Last year, VC investments nationwide totaled $29.4 billion in 3,813 deals, an 11 percent increase over 2006. Last quarter, investments totaled $7 billion, marking the fourth straight quarter with investments reaching more than $7 billion, according to PricewaterhouseCoopers.
Local venture investor Kevin Kinsella predicted another strong year for startups despite the economy.
“Biotech investments are on a time scale outside of the business cycle,” said Kinsella, who founded Avalon Ventures of La Jolla in 1983. “If you’re investing today in biotech, chances are that unless you’re very fortunate you wouldn’t get a liquidity event in five years or longer. Who knows what happens in that period of time?”
In February, Avalon Ventures closed on a $150 million investment fund, the firm’s eighth. It was also the largest since Kinsella founded the firm 25 years ago.
Kinsella said he expects to invest in about 20-24 companies in the next three years and keep a certain portion of the money he raised in reserves.
“You want to be prepared to back your winners, and if you have a downturn in the fortunes of a company that you still believe in, you want to have capital to continue to support,” he said. “Because, if not, you’ll get skewered by other investors coming in at that point.”
Local CEO Scott Salka of Ambit Biosciences credits Kinsella’s early support for his current success.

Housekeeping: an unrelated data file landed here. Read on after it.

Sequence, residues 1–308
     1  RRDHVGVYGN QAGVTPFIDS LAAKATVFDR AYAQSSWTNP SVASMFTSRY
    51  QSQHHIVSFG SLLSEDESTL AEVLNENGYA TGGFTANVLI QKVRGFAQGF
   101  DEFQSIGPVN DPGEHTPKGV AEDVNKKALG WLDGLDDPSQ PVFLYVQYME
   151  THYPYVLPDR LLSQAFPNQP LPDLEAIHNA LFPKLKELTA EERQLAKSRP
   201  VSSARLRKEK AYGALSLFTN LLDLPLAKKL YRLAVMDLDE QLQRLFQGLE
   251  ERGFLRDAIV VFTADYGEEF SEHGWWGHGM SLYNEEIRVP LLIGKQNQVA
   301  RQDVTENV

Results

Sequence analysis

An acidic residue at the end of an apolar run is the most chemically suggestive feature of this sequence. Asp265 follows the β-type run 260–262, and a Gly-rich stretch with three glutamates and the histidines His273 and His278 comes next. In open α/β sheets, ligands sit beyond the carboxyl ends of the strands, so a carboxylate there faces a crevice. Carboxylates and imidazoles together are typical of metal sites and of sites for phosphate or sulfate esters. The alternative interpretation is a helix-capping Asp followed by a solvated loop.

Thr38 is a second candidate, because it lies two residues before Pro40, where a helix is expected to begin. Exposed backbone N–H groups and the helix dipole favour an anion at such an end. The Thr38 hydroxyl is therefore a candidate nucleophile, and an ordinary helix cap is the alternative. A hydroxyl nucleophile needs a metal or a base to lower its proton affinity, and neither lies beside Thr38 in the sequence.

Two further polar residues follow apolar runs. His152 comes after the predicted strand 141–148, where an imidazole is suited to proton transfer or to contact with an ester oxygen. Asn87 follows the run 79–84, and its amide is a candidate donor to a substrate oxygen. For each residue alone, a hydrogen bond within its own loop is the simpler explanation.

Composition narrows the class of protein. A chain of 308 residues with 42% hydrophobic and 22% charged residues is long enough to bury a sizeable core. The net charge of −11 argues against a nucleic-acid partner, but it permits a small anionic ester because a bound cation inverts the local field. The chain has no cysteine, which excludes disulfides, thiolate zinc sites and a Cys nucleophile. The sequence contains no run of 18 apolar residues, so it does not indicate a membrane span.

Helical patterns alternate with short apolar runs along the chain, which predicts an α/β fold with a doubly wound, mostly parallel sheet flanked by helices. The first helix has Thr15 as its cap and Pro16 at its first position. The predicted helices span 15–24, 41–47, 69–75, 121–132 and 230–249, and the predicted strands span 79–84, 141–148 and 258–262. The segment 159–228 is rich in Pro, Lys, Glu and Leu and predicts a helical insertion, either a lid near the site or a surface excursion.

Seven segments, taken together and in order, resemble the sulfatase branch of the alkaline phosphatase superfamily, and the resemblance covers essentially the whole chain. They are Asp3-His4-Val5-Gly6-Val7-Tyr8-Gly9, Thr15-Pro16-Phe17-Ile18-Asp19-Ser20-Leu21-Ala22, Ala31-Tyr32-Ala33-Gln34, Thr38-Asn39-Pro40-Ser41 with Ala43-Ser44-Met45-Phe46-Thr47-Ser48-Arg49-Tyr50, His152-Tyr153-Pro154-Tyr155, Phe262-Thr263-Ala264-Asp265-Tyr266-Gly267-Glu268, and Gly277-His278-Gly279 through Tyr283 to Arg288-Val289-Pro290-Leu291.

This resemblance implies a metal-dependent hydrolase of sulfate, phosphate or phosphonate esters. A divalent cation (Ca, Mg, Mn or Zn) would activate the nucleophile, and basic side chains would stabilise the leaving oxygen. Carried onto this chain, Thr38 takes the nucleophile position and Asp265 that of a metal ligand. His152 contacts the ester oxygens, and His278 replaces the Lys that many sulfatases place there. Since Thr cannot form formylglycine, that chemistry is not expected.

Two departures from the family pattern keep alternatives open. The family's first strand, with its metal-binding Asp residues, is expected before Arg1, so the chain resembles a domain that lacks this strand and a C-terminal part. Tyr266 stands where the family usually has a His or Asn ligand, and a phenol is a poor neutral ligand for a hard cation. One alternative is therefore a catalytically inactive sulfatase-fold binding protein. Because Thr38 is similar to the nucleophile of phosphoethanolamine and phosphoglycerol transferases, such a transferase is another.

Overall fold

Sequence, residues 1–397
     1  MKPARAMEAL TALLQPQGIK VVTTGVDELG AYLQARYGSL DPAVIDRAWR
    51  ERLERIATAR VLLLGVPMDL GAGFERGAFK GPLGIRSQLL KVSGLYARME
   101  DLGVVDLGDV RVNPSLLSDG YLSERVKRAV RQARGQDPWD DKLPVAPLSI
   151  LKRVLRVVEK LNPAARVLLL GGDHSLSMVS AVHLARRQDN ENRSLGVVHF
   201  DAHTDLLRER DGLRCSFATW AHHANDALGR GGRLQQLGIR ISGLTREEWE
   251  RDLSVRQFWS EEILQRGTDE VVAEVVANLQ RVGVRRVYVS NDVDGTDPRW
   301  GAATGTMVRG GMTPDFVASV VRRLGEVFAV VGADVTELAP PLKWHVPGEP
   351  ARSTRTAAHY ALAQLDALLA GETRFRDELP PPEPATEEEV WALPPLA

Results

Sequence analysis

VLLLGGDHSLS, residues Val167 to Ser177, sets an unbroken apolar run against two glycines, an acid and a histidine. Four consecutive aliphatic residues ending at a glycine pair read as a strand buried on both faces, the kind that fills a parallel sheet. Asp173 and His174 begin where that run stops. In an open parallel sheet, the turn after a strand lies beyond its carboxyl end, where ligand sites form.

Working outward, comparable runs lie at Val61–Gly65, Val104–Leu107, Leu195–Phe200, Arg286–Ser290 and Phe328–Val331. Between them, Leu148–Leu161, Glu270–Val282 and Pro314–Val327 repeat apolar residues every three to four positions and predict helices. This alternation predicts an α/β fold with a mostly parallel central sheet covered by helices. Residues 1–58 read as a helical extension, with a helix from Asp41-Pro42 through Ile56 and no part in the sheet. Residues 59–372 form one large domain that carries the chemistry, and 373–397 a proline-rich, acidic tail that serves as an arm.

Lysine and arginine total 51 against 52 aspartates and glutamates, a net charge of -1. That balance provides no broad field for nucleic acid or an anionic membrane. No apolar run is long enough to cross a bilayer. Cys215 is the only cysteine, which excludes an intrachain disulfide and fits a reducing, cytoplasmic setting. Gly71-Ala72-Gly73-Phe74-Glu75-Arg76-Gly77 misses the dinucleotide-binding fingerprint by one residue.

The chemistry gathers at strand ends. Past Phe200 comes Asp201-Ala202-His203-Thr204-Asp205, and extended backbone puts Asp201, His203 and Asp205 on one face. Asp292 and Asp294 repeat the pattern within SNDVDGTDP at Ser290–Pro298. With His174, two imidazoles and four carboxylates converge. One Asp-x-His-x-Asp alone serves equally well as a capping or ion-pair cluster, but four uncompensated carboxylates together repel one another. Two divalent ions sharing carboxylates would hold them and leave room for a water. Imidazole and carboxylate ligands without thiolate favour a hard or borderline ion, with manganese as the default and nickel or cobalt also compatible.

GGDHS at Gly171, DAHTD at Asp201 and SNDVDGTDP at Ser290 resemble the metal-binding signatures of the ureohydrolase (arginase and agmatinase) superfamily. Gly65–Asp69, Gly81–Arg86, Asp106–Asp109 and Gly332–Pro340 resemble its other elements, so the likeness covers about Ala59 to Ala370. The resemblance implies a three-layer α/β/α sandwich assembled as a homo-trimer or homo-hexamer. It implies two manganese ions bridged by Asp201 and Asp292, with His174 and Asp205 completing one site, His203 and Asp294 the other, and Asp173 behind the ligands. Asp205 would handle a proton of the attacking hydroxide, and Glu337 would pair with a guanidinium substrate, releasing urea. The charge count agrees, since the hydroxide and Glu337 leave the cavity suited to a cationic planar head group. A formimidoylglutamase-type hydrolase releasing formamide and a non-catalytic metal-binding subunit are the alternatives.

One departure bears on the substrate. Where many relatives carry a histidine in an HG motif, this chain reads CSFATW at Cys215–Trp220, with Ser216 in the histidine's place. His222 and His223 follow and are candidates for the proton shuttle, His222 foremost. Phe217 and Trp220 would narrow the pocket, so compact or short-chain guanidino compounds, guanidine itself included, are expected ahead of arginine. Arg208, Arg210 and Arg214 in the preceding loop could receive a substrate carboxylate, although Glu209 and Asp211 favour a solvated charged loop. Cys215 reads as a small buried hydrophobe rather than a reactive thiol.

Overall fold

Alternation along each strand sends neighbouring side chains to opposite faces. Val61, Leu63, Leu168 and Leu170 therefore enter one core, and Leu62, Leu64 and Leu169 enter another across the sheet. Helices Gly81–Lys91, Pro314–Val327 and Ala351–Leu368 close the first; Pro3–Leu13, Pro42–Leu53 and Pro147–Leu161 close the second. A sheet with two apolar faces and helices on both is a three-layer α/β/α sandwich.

“He pulled the company together with the first $100,000 out of his own pocket,” said Salka, whose company closed on a $49 million Series D funding round in November, the largest last year in San Diego.
In addition to Kinsella’s personal stake, Avalon Ventures has also participated in every funding round by Ambit. Kinsella himself stayed on the company’s board for seven years until last fall, Salka said.
“Without Kevin Kinsella’s vision and capital, the company would never have been where it is today,” Salka said.
Ambit is developing cancer-fighting kinase inhibitor drugs and licenses out a technology that identifies kinase proteins in the body.
Since 2004, Ambit’s revenues have doubled every year to more than $15 million last year, said Salka, whose company employs 100 people.
Both Salka and Kinsella were living in San Diego, which is why the company was founded here, even though the initial technology came out of Yale University.
“San Diego has a tremendous amount of talent,” said Salka, describing the pool of initial scientists as hard-charging, really hungry molecular biologists. “We were able to pull some talent from around the academic institutions around town.”
Other top recipients of venture capital money in San Diego last quarter were Reva Medical Inc., which raised $42 million in its 12th round of funding, and Anaptys Biosciences Inc. of La Jolla, which raised $34 million last quarter in its Series B funding round.
Reva develops biodegradable stents to treat heart and arterial diseases that are reabsorbed by the body. Brookside International Inc. of Connecticut led the round.
Anaptys develops therapeutic antibody products. The funding round was led by Alloy Ventures Inc. of Palo Alto.